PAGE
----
By My Computer
If you like your music to the point and under 3 minutes then you might be better taking a wide berth around My Computer. The Mancunian duo positively revel in complex intricate and layered multi-instrumentalism and naturally what you can say in 3 minutes surely deserves a further four to explore that sitar versus metal jet guitar solo.
Produced by John Leckie (he of Stone Roses fame) "No CV" has a deliciously deep sound that befits its wealth of detail. You can only imagine the amount of time it took to mix some tracks leaping between guitar, percussion, samples, mutli-layered vocals, accordion, flutes, a full orchestra, classical piano and dance beats and that's just the first two minutes.
So with so much going on does this all add up to one mother of all albums or does it just provide a guaranteed headache? In truth a little bit of both. The problem with combining everything under the sun is that when it works you really do strike gold, but when it doesn't you just have a big audio mess. 100 listens and there would still be something new to get out of this album but it's unlikely you would have the patience as there are very few immediate tit-bits to get going with. Opener "Lonely" is a big guitar drum machine stomp with the "obvious" classical piano outro (?), "Stumble" is just an excellent song underneath, meaning it wears its additional layers well. Despite its over enthusiastic middle "The Boy I Used To Be" is also some remarkable composition work. But "Life" is an example of when too much is just too much and "Don't Go Where I've Been" loses its appeal the longer it goes on, and it really goes on.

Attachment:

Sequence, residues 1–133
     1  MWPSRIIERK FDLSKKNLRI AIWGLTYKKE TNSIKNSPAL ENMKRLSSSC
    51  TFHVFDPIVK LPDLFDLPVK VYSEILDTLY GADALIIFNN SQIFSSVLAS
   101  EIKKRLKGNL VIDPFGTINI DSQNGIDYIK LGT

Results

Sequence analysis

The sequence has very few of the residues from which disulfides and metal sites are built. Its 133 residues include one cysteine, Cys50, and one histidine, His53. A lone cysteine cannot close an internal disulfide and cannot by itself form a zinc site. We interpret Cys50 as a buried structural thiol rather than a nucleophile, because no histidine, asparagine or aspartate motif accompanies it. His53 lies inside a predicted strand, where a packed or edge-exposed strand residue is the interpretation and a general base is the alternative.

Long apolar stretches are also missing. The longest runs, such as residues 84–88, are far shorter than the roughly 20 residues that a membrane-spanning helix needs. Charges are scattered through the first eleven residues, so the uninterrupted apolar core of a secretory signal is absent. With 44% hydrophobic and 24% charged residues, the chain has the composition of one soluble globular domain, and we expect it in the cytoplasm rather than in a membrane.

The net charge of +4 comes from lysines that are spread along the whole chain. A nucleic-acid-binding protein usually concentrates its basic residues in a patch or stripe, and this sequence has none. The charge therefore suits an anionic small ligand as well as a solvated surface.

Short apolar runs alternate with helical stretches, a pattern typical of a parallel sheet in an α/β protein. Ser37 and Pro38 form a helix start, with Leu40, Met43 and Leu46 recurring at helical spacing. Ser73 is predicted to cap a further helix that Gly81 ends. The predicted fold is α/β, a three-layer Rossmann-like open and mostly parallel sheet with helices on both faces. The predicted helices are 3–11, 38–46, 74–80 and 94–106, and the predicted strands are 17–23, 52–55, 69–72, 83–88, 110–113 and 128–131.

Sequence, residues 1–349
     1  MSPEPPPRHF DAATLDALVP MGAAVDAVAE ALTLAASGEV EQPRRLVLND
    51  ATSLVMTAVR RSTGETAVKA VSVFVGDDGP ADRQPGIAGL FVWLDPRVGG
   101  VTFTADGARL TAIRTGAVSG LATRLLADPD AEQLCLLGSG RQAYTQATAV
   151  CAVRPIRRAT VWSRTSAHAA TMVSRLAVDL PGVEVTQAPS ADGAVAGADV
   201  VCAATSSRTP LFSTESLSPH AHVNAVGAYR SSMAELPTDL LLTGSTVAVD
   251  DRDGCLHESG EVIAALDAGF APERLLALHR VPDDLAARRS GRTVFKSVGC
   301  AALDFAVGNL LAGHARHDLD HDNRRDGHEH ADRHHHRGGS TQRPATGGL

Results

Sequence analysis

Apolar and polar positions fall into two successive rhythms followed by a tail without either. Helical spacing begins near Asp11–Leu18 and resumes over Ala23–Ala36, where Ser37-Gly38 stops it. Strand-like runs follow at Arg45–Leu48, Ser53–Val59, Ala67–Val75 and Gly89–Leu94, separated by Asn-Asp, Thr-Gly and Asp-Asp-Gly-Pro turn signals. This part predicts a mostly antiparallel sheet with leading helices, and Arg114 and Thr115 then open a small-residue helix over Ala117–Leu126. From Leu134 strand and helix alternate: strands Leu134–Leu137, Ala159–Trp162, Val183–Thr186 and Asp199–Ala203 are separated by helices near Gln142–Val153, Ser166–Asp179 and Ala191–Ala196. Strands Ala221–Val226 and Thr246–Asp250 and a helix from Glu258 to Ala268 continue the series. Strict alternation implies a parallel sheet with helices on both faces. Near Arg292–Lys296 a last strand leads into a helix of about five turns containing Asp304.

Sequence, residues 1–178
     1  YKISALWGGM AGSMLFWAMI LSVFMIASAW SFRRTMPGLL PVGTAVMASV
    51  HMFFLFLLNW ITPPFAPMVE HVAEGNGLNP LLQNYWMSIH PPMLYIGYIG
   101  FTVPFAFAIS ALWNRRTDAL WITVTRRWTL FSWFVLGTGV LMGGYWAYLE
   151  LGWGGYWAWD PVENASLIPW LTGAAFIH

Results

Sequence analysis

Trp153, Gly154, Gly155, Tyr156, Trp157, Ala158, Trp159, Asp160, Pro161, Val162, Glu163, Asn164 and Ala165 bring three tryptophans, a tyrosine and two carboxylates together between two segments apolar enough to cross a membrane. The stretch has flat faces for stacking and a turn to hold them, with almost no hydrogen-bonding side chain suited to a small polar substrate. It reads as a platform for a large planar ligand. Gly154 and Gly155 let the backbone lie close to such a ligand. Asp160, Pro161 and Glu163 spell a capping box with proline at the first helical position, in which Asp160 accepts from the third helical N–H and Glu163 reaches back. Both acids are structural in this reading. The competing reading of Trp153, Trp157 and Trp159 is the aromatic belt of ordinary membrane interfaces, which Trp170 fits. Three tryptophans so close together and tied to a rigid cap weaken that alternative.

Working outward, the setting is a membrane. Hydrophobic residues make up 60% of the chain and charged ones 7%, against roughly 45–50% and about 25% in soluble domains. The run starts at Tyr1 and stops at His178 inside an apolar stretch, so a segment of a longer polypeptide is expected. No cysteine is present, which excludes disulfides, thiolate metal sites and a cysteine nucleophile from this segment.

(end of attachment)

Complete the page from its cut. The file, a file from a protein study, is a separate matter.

It's not surprising there is no one artist that My Computer sounds like. The biog's references to Tim Buckley vs. Aphex Twin are as valid as many others. At times there are hints of Sack and once or twice Badly Drawn Boy only less pop. There is definitely a Mersey twang to the voice and melody but it would hard to hold it down as it squirms in and out of songs somewhere in the background.
A fascinating album, more science than music at times, but a definite one to scratch both chin and head too in the same moment.